The genre of late antique law texts, “constitutions”, appears puzzling to the modern observer: contrary to our expectations of clarity and brevity, they are astoundingly voluminous, hiding away the actual legal core—which can be quite short—in a lengthy and elaborate text. They are composed in an accomplished style, and we actually know that their authorship was entrusted to some of the best contemporary literati. Thanks to a sophisticated system of transmission, these texts would reach each and every town in the area of their intended diffusion. Eagerly attended public readings as well as postings at well-frequented places (sometimes permanently as inscriptions) ensured that vast portions of the population would come to know their contents.
These texts’ importance in Late Antiquity contrasts starkly with the current state of research. Nobody has investigated the full imperial constitutions as prime examples of late antique Kunstprosa, nor has much effort been put into appreciating the various subjects raised in their complex introductions. Their communicative role, spanning huge geographic as well as social distances from the very center of power to the remotest corners of the vast empire, has been tentatively interpreted by some scholars as “propaganda”, a simplistic explanation which fails to convince. Clearly, these extraordinary texts are in dire need of reassessment.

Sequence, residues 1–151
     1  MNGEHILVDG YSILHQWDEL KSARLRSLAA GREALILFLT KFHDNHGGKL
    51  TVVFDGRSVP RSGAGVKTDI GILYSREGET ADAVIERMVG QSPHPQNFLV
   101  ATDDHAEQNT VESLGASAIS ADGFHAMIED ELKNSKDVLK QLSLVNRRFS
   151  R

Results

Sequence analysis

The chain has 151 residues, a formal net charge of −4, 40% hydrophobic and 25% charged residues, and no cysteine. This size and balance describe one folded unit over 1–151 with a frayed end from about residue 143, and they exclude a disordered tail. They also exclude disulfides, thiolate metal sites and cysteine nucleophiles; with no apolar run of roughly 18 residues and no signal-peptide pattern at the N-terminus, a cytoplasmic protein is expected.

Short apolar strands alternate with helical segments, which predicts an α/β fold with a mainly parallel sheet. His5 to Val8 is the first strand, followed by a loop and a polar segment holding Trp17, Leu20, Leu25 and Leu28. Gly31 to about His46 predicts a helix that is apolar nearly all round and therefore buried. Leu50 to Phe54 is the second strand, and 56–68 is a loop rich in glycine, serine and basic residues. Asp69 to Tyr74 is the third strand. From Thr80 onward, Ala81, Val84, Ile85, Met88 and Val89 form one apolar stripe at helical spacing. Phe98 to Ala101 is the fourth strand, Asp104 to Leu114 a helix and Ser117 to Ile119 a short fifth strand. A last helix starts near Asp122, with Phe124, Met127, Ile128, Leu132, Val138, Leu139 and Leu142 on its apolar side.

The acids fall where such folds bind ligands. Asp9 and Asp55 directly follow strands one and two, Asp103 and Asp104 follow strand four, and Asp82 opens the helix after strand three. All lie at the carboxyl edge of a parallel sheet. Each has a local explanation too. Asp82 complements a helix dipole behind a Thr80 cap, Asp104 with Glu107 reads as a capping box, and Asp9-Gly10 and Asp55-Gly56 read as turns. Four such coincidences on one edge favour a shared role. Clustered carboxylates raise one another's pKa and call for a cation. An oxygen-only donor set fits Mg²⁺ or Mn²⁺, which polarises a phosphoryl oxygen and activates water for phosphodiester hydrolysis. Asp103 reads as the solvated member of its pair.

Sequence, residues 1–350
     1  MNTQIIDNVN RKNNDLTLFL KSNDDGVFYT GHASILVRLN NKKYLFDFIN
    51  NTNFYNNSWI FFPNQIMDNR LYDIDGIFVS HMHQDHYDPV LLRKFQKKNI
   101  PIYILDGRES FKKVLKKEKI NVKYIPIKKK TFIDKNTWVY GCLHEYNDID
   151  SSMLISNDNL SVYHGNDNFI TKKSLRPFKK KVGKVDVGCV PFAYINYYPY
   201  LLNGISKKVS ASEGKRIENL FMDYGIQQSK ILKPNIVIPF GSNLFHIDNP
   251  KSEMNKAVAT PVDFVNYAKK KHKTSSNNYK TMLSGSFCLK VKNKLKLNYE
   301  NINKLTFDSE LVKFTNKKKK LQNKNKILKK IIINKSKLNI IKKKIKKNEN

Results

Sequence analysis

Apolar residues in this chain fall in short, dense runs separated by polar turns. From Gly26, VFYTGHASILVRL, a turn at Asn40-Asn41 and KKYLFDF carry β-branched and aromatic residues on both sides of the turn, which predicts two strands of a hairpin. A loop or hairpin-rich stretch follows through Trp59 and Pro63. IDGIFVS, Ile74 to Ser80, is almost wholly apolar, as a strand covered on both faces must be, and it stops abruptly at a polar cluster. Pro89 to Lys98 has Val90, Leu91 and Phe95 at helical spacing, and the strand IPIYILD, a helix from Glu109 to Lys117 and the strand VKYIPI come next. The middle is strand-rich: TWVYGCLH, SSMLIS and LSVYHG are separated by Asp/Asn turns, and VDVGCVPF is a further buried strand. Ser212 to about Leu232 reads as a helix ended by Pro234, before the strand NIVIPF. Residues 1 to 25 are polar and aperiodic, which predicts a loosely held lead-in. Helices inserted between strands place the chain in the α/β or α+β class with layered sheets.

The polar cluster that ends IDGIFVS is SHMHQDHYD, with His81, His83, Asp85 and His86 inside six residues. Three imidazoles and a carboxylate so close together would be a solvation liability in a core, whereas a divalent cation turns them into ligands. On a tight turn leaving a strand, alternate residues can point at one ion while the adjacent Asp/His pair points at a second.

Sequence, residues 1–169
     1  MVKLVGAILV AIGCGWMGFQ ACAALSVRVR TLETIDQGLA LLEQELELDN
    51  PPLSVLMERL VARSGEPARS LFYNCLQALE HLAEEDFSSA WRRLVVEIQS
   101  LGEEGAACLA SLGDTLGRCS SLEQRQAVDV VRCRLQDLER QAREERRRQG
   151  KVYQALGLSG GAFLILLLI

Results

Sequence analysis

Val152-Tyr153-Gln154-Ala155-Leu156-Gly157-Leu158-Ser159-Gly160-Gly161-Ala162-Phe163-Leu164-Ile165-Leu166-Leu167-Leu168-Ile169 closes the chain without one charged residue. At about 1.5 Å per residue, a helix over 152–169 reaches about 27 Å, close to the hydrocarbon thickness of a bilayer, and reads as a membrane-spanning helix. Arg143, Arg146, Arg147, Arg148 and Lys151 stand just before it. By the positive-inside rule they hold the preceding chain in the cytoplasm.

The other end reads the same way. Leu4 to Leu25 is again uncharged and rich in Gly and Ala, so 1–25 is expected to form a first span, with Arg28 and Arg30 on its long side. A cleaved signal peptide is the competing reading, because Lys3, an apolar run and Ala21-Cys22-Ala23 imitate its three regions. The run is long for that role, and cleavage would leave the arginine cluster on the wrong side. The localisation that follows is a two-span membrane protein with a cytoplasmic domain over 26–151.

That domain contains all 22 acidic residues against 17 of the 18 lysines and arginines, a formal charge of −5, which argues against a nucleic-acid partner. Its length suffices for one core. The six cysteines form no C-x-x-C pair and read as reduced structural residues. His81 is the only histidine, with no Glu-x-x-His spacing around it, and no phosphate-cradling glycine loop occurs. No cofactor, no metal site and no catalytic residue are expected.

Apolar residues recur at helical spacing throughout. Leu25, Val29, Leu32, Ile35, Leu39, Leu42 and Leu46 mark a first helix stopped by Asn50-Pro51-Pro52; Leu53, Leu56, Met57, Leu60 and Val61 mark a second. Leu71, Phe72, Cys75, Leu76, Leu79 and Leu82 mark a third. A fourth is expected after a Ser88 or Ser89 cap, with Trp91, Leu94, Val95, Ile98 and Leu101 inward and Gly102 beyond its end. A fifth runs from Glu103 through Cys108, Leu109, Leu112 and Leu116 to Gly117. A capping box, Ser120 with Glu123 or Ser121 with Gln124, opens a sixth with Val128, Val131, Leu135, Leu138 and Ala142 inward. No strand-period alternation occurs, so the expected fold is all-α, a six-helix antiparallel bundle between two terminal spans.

This project has a twofold purpose: first, on the basis of the evidence from the full constitutions, it will yield the methodically most sophisticated study of top-down communication in Late Antiquity, embracing important conclusions and methods of modern communication theory. Second, in order to obtain reliable results, the full constitutions must be collected, sorted, verified, emended, and published anew. Both the resulting collection itself as well as the completely novel methodology employed to ensure its soundness will have a major impact on other research in Classics, Law, and beyond.